AMS-02 can recognize one antiparticle among a billion particles. This represents an increase in sensitivity of three orders of magnitude in comparison with previous experiments. With such precision, the detector will provide the composition of the cosmic-ray spectrum with unprecedented accuracy. This will enable the AMS collaboration to find either an explanation for the disappearance of antimatter or proof of its existence hidden away in a remote corner of the universe. The observation of just one antihelium nucleus would provide evidence for the existence of a large amount of antimatter somewhere in the universe – large enough for antiprotons to have undergone a process of nucleosynthesis. This matter could only have been generated soon after the Big Bang and would represent a real breakthrough in the current view of the universe.
Antiworlds and the dark universe
There are other puzzles about the universe that AMS can try to solve. Only 4% of the universe is accessible to telescopes and detectors through the radiation that it emits. The rest appears to be in the forms known as dark matter and dark energy, which account for about 23% and 73%, respectively, of the total matter and energy in the universe. In this case, AMS-02 is expected to play a key role by tracking possible signals from the annihilation of supersymmetric particles. One of the candidates for a dark-matter particle is the neutralino, a hypothetical particle that is predicted by supersymmetry. If neutralinos do indeed exist they could interact with each other, producing excesses of charged or neutral particles – creating anomalies in the overall cosmic-ray spectrum.
For this reason, AMS-02 has been eagerly awaited because it will probably be the only experiment able to confirm or invalidate results from other experiments that have recently been in the spotlight. In particular, two satellites, PAMELA and FERMI, as well as the ATIC balloon experiment flown above Antarctica, have all reported an excess of electrons and positrons in the cosmic-ray spectrum. Even though these different measurements are inconsistent with each other, they could all possibly fit with the scenario of dark-matter annihilation. Using a completely different approach, underground experiments such as Xenon, CDMS or Edelweiss, are currently providing strong competition in the detection of dark-matter particles. Moreover, in parallel the LHC is producing data that could in the next two years provide the first exciting news on dark matter.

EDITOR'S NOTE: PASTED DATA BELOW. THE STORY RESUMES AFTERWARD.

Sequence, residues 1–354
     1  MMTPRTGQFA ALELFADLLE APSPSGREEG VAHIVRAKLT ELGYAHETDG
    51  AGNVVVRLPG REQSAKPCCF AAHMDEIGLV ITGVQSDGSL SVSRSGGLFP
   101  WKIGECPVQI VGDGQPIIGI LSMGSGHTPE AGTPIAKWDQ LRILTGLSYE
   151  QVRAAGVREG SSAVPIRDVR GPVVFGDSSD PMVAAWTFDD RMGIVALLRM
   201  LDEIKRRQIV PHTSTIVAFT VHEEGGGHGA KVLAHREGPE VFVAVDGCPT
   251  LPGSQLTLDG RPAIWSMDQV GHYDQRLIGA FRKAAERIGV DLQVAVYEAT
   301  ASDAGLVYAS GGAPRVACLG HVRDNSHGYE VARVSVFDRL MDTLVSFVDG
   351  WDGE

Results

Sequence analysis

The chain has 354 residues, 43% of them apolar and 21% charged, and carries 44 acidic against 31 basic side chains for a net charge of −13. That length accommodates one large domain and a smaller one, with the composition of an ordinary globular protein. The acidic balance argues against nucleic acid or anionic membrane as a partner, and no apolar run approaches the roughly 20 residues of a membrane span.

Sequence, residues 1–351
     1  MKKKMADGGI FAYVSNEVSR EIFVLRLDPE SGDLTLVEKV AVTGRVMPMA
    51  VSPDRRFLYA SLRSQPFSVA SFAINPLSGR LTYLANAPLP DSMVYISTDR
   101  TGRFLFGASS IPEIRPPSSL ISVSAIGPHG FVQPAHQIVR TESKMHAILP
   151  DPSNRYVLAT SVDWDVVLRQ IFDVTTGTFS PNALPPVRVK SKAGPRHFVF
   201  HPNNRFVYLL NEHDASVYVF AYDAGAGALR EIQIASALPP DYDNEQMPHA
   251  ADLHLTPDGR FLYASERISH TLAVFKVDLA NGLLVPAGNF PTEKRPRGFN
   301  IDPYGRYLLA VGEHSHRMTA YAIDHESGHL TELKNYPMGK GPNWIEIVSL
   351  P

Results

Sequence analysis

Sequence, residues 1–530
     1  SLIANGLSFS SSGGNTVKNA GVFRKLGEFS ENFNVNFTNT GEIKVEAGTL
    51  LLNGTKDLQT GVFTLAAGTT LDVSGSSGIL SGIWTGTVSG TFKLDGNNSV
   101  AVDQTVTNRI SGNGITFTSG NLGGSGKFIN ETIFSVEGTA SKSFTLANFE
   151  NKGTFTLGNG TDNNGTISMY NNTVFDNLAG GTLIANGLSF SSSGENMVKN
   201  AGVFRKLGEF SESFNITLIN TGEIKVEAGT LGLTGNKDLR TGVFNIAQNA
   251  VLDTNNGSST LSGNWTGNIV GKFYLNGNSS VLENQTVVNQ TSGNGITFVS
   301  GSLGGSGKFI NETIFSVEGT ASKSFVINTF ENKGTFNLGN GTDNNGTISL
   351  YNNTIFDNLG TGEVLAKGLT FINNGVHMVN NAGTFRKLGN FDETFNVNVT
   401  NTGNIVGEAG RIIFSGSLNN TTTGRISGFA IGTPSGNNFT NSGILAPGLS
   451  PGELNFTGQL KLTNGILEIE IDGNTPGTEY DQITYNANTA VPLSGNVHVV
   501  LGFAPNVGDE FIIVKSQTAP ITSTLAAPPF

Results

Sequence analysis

Particle physics, astroparticle physics and cosmology are certainly at a key moment in their history as AMS-02 enters the race. “Better to light a candle than to curse the darkness,” goes a Chinese proverb. All eyes are now focused on the AMS-02 experiment, hoping that it will precisely light the candle on both the dark universe and the antiuniverse.
• AMS was built by an international collaboration involving large European participation from France, Germany, Italy, the Netherlands, Spain and Switzerland,together with China, Taiwan, Russia and the US. It has been supported by the national high-energy institutes INFN, IN2P3, CIEMAT, the US Department of Energy, Academia Sinica (Taipei), Swiss National Fund, and by the space agencies ASI, DLR, NASA, and ESA. The detectors were integrated at CERN by the collaborating groups. Space qualification was at the ESTEC facilities in ESA.